How to add Reveal Slides to your Gatsby site

By David Fekke
June 13th, 2021

I was getting ready to create a set of slides for my next presentation. I usually use to create and host my slides. If you have not looked at before, it is a great example of the power of web applications. has a presentation editor that is based on Reveal.js, a JavaScript library for making animated slide shows. I am a firm believer that you do not need Powerpoint to make slide shows. This can be done as a web app.

As I was getting ready to start my next set of slides I found out I had exceeded my limit of free slides. So I have decided to move my slides over to my Gatsby site.

The first thing I had to do was export all of my slides. gives you the ability to import and export slides into and out of their application. It will allow you to export your slides as a self contained HTML application in a single HTML file.

Gatsby allows you to host static content in your site so that if you need to serve static css or images, this can be easily configured. You will need to install the 'gatsby-source-filesystem' plugin in order to serve these files.

> npm i gatsby-source-filesystem --save

The above command will install the plugin into your Gatsby site. After it has been installed, you will need to configure the plugin in your 'gatsby-config.json' file. Add the following configuration into the plugins export.

plugins: [
        resolve: `gatsby-source-filesystem`,
        options: {
          name: `static`,
          path: `${__dirname}/static`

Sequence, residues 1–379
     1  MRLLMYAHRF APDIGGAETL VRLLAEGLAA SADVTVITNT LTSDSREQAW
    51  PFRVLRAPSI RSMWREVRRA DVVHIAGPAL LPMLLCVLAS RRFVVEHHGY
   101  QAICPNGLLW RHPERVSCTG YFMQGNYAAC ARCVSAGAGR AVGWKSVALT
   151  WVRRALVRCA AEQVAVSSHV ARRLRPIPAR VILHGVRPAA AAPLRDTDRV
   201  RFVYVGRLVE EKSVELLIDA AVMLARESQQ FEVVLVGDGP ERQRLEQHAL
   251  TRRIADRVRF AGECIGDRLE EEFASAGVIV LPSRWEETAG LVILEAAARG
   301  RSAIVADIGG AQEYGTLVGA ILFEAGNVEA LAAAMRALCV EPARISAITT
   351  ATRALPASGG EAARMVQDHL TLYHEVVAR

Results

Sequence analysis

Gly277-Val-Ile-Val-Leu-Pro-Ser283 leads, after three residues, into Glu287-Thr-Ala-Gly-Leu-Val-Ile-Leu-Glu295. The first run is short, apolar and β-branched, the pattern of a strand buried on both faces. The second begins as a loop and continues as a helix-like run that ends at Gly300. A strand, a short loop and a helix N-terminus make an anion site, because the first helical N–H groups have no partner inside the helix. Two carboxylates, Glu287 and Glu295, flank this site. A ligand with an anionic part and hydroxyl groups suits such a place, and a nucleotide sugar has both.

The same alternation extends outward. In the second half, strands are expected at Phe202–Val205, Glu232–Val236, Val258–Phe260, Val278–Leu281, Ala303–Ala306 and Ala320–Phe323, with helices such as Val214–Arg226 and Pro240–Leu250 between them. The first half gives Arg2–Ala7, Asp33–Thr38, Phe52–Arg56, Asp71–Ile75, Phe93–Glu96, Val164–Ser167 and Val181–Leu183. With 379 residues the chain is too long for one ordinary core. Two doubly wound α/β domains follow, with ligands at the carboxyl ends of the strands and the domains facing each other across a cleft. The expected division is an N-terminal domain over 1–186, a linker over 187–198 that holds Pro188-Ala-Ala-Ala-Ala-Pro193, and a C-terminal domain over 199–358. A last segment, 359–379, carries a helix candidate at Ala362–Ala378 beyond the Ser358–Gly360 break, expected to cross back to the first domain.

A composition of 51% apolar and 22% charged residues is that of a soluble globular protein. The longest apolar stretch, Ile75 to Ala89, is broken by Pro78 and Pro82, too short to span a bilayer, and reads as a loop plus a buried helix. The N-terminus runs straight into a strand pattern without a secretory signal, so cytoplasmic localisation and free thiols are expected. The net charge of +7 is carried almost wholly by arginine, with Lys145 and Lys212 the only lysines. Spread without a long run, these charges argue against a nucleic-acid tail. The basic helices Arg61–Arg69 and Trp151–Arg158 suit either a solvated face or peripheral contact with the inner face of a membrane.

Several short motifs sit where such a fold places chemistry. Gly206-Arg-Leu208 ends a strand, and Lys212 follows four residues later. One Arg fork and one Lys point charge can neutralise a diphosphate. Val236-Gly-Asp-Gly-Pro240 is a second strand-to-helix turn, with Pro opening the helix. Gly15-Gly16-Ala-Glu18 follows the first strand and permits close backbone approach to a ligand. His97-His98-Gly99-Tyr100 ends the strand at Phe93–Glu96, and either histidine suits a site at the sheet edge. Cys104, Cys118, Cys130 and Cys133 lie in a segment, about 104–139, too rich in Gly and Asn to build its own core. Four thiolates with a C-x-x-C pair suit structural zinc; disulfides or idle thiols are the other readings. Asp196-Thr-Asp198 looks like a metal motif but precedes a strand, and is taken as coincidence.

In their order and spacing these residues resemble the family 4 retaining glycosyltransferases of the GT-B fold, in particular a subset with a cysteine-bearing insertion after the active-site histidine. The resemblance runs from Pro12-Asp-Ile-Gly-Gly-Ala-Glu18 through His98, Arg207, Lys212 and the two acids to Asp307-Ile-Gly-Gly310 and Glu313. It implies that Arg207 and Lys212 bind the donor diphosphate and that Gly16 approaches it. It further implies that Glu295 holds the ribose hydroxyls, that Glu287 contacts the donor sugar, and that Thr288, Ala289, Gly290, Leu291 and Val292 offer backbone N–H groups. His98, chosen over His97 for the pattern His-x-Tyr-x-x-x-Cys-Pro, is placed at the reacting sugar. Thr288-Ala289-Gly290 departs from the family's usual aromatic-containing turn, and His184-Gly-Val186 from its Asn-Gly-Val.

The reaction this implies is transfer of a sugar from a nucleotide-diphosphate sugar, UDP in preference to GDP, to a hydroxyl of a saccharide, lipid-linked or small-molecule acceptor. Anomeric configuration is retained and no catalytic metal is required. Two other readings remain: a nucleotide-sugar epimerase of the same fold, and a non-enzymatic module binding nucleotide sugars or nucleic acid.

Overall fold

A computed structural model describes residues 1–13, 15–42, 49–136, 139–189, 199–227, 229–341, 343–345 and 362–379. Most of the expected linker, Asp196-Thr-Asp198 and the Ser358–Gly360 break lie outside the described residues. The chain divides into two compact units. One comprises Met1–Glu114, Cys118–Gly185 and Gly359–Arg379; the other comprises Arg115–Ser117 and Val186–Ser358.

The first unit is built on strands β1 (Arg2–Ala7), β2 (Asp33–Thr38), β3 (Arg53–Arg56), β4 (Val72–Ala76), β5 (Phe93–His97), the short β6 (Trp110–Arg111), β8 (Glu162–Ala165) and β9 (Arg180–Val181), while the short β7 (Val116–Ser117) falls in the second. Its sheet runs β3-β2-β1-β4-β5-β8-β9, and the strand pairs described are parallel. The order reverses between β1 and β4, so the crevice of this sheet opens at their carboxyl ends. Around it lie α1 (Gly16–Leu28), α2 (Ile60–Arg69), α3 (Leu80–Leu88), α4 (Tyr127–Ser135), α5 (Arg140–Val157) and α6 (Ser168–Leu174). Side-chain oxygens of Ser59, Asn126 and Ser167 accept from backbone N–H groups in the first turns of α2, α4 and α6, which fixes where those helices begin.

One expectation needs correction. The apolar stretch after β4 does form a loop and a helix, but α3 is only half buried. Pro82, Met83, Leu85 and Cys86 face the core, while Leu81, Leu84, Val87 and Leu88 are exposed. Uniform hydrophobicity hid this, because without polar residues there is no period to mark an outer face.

This will look into a 'static' folder for any static files you need to serve. I added another folder underneath my static folder called 'slides', and placed my HTML files in that folder.

To retrieve a list of slides from our static folder, we will need to write a graphql query to get that list of files. You can test this by using the Graphiql editor hosted in the development server. You can access this by going to http://localhost:8000/___graphql.

    myslides: allFile(filter: { relativeDirectory: {eq: "slides" }}) {
      edges {
        node {

The next need you will need to do is create a Gatsby page to list the slides in your 'slides' folder. I created one underneath the root of my '/src/pages' called 'slides.js'. Here is what my react code looked like in my 'slides.js' file.

import React from "react"
import { Link, graphql } from "gatsby" 
import Layout from "../components/layout"
import Navbar from "../components/navbar.js"
import Header from "../components/contactheader.js"
import Footer from "../components/footer.js"
import Article from "../components/article.js"
import MainHelmet from "../components/mainhelmet.js"

const Slides = ({ data }) => (
        <MainHelmet title="" />
        <Navbar />
        <Header headline="About FEK.IO" />
            <p>Here are copies of my slides from my presentations.</p>
            { ({node}) => {
                const link_path = `/${node.relativePath}`;
                return (<div key={}>
                        <a href={link_path}>{}</a>
        <Footer />

export const query = graphql`{
    myslides: allFile(filter: { relativeDirectory: {eq: "slides" }}) {
      edges {
        node {

export default Slides;

If you look at the section on line 22 that has a map on the edges of the result, I am returning an anchor tag instead of a Link tag for displaying the link. This is because the Link tag is only used for gatsby pages. Since this is static HTML content we want to use a normal anchor tag.


Gatsby is great at doing many different things. On top rendering react content and Gatsby content, you can also use it to serve up static content as well as long as you configure your site correctly.

There are also a number of plugins you can use for creating slides from markdown that I plan on looking at as well.

You can view my slides page at here.

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